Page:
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Q: Why would you do such a thing?



A: SOUNDWICH is a simple idea which came from an even simpler one. I like tapping on things. I often find myself in a public place tapping rhythms on random objects to “test” their resonant properties or how well the object in question lends itself to drum sounds. Sometimes I record these tapping sessions and put them in a song as a main drum loop. In its simplest form, I made a sturdy disk to tap on or place upon other things in need of tapping. I’m drawn to the acoustic properties of materials and parts, such as switches and PCBs, normally used in the creation of electronic instruments. I originally thought of the circular formation of tact switches on a PCB as a flat “joystick” of sorts when placed on a table surface. This lead to ideas around handheld interaction and using various RC low pass filtering amounts associated with each tact switch. Thanks to Chris Williams for helping me with problem solving. While showing the unnamed early prototype to synthesist Erin VanZandt she assumed I was creating a sandwich with two PCBs while initially I wasn’t. She basically completed the design by chance. My partner Emily Brandt then named the device Soundwich, we laughed, it stuck. A month later while visiting Eli Pechman of Mystic Circuits he mentioned wanting to be able to shake it. We immediately added loose washers to the three machine screws on the spot. We then began using the shaker sound to excite a resonator and the tact switch clicks to advance a sequencer in his modular system. One of my favorite things about the creative process is chance and the way chance can trigger other creative directions in yourself and others.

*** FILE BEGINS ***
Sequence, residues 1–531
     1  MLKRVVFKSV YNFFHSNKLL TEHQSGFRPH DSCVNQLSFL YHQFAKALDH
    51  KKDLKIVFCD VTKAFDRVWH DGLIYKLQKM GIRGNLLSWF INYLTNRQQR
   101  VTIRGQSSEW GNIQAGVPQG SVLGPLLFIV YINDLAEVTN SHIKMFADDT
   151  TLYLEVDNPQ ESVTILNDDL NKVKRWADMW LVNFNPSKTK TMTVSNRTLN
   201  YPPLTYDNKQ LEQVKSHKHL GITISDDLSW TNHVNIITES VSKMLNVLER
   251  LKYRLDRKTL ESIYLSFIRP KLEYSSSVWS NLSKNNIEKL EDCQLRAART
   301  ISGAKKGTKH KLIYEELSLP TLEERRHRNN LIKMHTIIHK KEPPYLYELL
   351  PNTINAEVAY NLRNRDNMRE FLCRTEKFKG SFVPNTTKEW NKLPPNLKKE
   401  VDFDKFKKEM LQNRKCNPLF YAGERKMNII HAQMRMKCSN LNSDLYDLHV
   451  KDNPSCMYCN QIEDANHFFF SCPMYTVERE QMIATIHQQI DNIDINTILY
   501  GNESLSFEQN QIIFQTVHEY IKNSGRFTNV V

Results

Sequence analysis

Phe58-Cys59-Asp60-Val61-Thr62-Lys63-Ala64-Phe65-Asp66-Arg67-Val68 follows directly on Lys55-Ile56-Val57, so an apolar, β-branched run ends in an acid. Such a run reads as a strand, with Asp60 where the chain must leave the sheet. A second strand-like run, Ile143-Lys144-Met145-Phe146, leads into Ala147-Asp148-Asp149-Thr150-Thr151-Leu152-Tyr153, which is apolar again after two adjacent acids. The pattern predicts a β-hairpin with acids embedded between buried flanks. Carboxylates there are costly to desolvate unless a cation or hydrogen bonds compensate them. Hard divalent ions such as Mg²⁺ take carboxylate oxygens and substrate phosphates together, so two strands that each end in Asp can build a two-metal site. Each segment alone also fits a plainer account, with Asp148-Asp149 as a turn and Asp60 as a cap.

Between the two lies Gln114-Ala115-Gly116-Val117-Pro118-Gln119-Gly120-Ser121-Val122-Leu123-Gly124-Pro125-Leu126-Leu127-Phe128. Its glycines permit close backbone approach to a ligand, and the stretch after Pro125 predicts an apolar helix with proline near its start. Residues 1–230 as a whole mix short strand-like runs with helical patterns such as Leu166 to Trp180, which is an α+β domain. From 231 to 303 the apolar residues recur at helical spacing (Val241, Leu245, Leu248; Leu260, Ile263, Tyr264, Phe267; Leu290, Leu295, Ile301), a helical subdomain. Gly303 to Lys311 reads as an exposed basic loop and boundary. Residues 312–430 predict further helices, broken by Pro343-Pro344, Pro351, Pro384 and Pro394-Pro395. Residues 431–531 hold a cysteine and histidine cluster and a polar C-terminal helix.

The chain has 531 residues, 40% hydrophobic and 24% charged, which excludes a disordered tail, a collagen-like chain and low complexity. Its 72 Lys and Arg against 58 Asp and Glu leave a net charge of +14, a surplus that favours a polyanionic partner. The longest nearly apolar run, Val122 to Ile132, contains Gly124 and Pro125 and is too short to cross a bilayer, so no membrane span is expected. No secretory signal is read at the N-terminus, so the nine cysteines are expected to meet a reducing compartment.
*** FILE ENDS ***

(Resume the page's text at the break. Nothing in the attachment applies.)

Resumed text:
Influence, design support and inspiration: Erin VanZandt, Chris Williams, Eli Pechman, Emily Brandt, Meng Qi, Tom Whitwell, Gijs Gieskes and Ivaylo Gueorgiev.


A: STEREO FIELD is an instrument which allows you to "play" and touch analog stereo circuits directly via golden touch plates. Every individual has their own personal skin conductivity and body capacitance values which will inform how "patching" of the instrument allows for new paths for the circuit to follow. When touched it will create sound with either of the two stereo circuits which mirror each other, this is represented by the interlocking circles of touch plates. Incoming audio can also be "touched" or directly interacted with, which is to say audio will be traveling through your skin to other parts of the circuit that it is not normally "supposed" to go to. Have you ever tuned between two radio stations and heard the incredible effect of the audio from one station modulating the audio form another? I have always thought it was such an incredibly lush effect but wasn't sure if it would be possible to recreate faithfully in an instrument/effects unit. It turns out the Stereo Field can get you pretty close. 

I have been drawn in without end to the character of analog instruments ever since I started making electronic music and by "character of analog" I mean the sound of unstable electricity under attempted control. Generally speaking, the most organic of tones are the hardest to gain access to, see: EMS/Buchla/Serge for example. What is always present in the tonality of these instruments for me a constant reminder that these are the actual sounds of electricity. I've had moments while playing a Serge system where I thought I might actually be getting electrocuted, that is how organic things can sound in these beautifully unstable systems. When you look back at the beginnings of very early electronic music and certain recordings you find out that some of these tones were actually made by destroying electronic components, aka the sound happened once and after that single sound the only evidence that remained was what was recorded to tape.